Here we are again, Parashas Vayigash… just a year ago this Shabbos my family celebrated my brother’s Bar Mitzvah! (We’re getting deeper into birthday season in my family!) I could lein for you the whole weekday Torah reading in tune, not just the beginning of the haftarah like I remember from my older brother’s Bar Mitzvah parashah!

Did you know that the Torah is read in shul every Monday and Thursday? They don’t read the whole parashah like we do on Shabbos, but they read a little portion, kind of a teaser for the longer Torah reading on Shabbos!

Parashas Vayigash

We left last week’s parashah with the brothers in the middle of an argument with Yosef HaTzaddik, the viceroy of Egypt, as to whether their brother Binyamin would stay as a slave to him or return free to his father’s home. We pick up this week with Yehuda stepping forward and taking responsibility, insisting that he will stay instead of Binyamin. Yosef cannot bear it anymore, sends his servants out, and reveals his identity to his brothers.

They are shell-shocked. Yosef assures them that he does not hold a grudge against them for their past actions. The news spreads from the meal where the brothers are eating to the palace; Paroh comes to welcome Yosef’s brothers.

Yosef gives out gifts and clothing, and sends his brothers back to their father to bring him down to Egypt. Yaakov Avinu takes the news (delivered to him by his granddaughter Serach) and prepares to travel to Egypt on the wagon Yosef sends for him. He makes the journey along with his entire household, a total of seventy people including Yosef’s family in Egypt!

The family of Bnei Yisrael (the children of Israel) arrives in Egypt; Yosef ensures that his family is settled comfortably in Goshen, away from the Egyptians. Yosef brings his father Yaakov Avinu to meet Paroh. As the famine increases, people come from around the world to buy food from Yosef; he makes Egypt a prosperous and successful country. The family of Yaakov Avinu settles down in Goshen, learning Torah and shepherding their sheep as is their usual profession.

I must admit that this is my favorite parashah in the Torah. The mere drama surrounding the words “Ani Yosef! Ha’od avi chai?” or “I am Yosef! Is my father still alive?” said to his brothers, can send chills down my back any day. What happens, though, when Yaakov Avinu is told that Yosef is in fact still alive?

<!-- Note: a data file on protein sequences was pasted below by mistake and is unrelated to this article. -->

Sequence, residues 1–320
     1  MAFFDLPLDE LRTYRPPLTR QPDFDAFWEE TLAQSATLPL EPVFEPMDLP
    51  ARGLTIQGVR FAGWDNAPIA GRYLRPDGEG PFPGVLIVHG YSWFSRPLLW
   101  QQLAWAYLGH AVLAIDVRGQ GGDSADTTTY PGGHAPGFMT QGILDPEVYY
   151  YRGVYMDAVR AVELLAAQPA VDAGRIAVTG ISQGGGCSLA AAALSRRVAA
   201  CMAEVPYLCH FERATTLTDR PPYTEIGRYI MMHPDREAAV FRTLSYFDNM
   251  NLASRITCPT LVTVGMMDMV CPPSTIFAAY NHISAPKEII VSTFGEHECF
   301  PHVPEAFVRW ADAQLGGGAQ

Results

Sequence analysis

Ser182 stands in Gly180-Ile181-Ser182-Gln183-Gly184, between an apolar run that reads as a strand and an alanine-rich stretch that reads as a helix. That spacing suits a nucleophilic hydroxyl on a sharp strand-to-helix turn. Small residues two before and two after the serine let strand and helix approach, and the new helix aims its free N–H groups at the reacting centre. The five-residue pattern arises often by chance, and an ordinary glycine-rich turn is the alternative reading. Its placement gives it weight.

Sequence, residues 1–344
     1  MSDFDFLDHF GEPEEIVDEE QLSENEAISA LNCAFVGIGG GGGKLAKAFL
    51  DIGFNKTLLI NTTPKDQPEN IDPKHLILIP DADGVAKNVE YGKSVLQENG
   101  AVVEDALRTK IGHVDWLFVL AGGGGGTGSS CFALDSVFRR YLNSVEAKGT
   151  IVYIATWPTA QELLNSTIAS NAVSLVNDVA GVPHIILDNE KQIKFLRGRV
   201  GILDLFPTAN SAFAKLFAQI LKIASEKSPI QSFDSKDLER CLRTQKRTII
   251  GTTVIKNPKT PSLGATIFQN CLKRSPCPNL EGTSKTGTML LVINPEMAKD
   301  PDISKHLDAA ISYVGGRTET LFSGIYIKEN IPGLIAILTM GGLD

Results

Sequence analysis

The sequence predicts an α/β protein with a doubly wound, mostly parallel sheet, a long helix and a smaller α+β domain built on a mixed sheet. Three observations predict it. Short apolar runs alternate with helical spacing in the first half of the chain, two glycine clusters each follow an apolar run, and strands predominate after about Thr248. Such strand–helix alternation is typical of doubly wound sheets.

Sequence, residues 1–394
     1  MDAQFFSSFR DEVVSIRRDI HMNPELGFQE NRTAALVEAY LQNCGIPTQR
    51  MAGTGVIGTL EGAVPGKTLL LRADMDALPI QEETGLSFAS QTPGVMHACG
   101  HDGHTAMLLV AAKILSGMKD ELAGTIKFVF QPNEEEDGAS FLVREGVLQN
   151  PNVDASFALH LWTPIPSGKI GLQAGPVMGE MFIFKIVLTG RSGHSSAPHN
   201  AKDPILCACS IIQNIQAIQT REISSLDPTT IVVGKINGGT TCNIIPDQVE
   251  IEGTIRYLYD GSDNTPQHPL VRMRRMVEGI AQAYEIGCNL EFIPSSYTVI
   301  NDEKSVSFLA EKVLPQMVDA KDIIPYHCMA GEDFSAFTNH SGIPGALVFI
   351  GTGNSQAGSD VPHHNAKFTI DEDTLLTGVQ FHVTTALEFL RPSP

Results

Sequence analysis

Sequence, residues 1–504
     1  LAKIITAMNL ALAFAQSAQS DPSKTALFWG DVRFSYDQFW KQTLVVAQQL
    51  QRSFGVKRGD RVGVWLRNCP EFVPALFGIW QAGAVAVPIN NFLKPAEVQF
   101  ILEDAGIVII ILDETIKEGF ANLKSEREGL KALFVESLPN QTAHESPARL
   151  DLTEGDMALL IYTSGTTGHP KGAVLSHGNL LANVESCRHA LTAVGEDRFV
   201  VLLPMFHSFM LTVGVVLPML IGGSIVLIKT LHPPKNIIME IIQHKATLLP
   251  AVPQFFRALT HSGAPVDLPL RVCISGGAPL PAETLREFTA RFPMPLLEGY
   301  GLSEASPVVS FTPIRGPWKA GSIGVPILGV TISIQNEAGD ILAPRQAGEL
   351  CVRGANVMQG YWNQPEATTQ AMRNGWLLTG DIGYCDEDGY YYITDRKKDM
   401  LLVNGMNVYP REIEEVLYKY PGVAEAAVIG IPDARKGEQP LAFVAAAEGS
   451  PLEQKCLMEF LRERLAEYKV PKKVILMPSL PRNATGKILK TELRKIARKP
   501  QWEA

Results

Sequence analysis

You might not have known that it was placed in the hands of Serach, the daughter of Asher (one of the twelve tribes) to break the news to Yaakov Avinu that Yosef was still alive.

Serach played her harp and gently sang to her grandfather that Yosef was alive and well, ruling in Egypt. Yaakov Avinu gave her a tremendous blessing and she merited to live a very long life.

The power of music is something that (I know, I’m obsessed with!) can be underestimated.

Next time you’re walking around in the mall, take stock every few minutes and see how you feel in whatever store you’re in. Do you think that the music the store is playing lends the atmosphere to a certain feel?  Do you think they do it on purpose?

Some people don’t understand why there are those of us who only listen to Jewish music. Want to know why? I’ll tell you – why I do, anyway.

Music has this pull to the soul, especially the Jewish soul. Music and song have been a part of our tradition since the song of praise sang by the Jewish people after the splitting of the sea.

Song can affect us deeply, when we’re not even noticing it. Yaakov Avinu didn’t realize outright what Serach was telling him; it took a little while for the melody and words to wash over him before he gained back the clarity and sense of spiritual vision he had before. Music from a source not rooted in holiness can have the opposite kind of affect on the soul.

That’s a risk I’m not willing to take. So I stick to a limited amount of Jewish music.

What do you think? Have you ever felt music’s pull in one way or another?

Tell us about it below!

Speaking of music… I’m listening to Hesech Hada’as sung by Avrohom Fried, composed by Yossi Green, from his album The 8th Note.

Have a super Shabbos!